Part 1 - Finding N57-26

"Buy this boat. Don't dick around and lose it, she's a good one."

N57-26 Fresh off the boat - 2002

Finding N57-26
It's rare, but every so often one does get lucky and everything falls into place. You see a boat that pokes you right in the imagination, producing a weird sensation that somehow justifies overriding the cognitive process of reaching a rational decision. In your gut, you simply know it's gonna be great. — so, to hell with all those annoying sensible thoughts, you go for it.  
Well, here we were, standing on the seawall at a marina in Palm Beach Gardens, FL, sussing out this, rode hard and put up wet, N57 and I'm having one of these moments. In my head, my inner speak was spouting off something like, "Buy this boat. Don't dick around and lose it, she's a good one. Buy this boat!" and at the same time my faint, almost imperceptible, better judgement was calculating the possibilities; then I turn and see that look in Melonie's eyes and instantly realize... it's a done deal.

Favoring intuition over reason, we bought it — and lucky for us, she's proven to be exactly what we'd hoped for.

We're now in the 14th year of our relationship with N57-26.

Mel and I have always mused that boats, like creatures, have personalities and yeah, I know, it's not rational to project human qualities onto inanimate objects, nevertheless, we like to think of Istaboa as a kind, forgiving, sweetheart of a boat. We're lucky to call her ours and we treat her like family; better probably.

This is the story of N57-26 - Istaboa.
It will be long, but there are plenty of pictures, and by the way, if you find this boring, it wasn't written for you.

In the beginning

N57-26 was built in 2002 for Nordhavn in the Ta Shing - Taiwanese yard. She was 26 of the 38 N57s that were built.
Shipped to Dana Point, California to be commissioned, then handed over to her first owner, N57-26 was christened "Teralani". That owner took her through the Panama Canal and up east coast to New Jersey. As Teralani she became a long range passagemaker; as Istaboa she has a led a somewhat different life.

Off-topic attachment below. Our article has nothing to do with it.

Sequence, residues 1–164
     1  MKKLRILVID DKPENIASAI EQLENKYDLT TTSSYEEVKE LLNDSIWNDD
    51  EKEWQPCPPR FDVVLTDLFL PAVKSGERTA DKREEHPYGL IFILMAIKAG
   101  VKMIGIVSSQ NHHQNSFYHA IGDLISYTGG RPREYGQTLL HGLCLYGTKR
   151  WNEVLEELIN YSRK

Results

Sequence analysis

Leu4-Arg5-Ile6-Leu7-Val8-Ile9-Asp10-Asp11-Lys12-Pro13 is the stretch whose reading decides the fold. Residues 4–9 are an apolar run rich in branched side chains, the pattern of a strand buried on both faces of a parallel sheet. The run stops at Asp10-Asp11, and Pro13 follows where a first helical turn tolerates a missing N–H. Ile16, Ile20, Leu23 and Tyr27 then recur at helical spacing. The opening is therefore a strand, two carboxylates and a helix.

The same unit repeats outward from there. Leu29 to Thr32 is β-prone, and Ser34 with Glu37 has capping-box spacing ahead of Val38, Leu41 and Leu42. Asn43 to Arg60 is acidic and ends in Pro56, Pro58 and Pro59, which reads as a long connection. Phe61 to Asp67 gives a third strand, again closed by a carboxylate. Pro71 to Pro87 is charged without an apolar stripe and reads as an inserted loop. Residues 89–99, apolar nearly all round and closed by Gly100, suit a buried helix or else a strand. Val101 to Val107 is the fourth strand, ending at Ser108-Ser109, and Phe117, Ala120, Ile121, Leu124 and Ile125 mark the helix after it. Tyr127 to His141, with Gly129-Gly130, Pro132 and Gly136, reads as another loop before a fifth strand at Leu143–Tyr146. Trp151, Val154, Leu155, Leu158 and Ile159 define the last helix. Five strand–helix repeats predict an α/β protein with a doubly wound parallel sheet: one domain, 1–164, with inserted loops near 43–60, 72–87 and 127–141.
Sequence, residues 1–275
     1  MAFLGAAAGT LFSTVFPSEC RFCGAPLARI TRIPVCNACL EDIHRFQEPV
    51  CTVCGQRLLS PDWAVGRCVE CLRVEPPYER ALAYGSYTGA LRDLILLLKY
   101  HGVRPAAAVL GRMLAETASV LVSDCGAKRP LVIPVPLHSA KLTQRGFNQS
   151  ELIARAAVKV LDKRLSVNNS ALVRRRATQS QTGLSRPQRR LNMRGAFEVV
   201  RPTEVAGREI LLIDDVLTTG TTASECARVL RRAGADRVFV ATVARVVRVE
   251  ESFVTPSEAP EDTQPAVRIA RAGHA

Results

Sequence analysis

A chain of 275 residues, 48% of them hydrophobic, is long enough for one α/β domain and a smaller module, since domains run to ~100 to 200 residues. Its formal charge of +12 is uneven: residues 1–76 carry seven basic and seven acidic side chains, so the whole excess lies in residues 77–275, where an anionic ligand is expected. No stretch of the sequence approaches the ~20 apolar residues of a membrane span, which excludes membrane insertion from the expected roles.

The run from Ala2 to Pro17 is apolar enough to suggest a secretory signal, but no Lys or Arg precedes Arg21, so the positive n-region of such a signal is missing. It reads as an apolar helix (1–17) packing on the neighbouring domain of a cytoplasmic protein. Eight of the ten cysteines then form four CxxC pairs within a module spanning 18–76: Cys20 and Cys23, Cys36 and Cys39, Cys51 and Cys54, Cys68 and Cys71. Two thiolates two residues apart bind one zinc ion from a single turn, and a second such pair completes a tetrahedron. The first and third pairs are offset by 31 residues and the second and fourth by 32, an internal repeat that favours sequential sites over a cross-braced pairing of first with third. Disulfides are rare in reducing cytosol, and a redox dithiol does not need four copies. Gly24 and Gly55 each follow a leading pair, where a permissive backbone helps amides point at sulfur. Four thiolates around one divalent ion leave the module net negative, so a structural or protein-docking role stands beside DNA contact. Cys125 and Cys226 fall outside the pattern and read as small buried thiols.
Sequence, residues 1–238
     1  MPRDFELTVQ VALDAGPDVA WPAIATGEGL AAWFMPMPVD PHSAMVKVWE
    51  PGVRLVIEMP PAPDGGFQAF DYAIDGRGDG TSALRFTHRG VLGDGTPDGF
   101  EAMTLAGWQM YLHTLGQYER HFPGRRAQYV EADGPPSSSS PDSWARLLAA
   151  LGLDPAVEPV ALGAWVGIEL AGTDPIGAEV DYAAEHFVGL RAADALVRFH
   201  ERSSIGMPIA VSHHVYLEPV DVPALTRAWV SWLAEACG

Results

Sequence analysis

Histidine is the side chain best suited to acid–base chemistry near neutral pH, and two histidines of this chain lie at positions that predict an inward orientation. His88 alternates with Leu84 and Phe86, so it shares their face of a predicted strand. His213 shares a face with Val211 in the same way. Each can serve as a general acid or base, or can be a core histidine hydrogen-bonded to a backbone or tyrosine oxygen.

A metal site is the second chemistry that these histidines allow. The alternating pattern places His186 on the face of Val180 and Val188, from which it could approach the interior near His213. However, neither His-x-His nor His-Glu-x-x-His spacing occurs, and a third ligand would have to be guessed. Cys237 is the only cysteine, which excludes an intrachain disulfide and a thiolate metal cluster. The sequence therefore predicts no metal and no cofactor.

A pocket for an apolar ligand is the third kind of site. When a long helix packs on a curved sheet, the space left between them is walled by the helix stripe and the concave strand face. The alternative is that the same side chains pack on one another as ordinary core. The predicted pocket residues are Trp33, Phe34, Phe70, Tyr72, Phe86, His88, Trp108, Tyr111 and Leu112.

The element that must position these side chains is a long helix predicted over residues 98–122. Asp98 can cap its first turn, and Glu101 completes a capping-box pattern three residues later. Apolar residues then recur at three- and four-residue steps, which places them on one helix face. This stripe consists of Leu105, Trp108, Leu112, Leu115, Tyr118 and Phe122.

The Reveal
We happened on her in Palm Beach Gardens, Fl and quickly realized that we'd found our boat. Andy Hegley, then a young fledgling Nordhavn sales guy, called me to advise an excellent example of the 57 may soon be up for sale and he convinced me this particular boat was worth taking a quick flight down to Palm Beach to check out. The 57 Nordhavn was always at the top of my list of great boats and Andy was right, it didn't take much poking around to see she was indeed a good one.

We'd just sold our 62 Offshore, a much larger, more complicated boat. The Offshore was a beautiful vessel, but she was a diva, and one that demanded a lot attention or there would be hell to pay.  For our next boat, we were shooting for something simple with a better attitude. I liked that this N57 had only a single engine, one generator, and a single bank of inverter/batteries; half the maintenance of what I was accustomed to, less weight meant less draft (5.5'), and she'd burn a small fraction of the fuel as the Offshore. The Nordhavn's slower speed was going to be an adjustment, however it wasn't going to burn 140 gallons per hour of diesel so we figured we would adapt.
Mel liked the galley with it's Thermador commercial gas range and Sub Zero fridge. Fewer staterooms and only 2 heads would make life more manageable too. We really liked what we saw and it was now, unofficially, on the market.
Over dinner and drinks that evening with the now unlikely pair of fellows, Andy Hegley and James Knight, we told Andy we liked the boat and before the night was over, in principle,  — we shook on it.

To make a long story short, the next day a deal was worked out, we sea-trialed out Lake Worth Inlet in steep breakers, and the rest is history. The best boating decision we've ever made.

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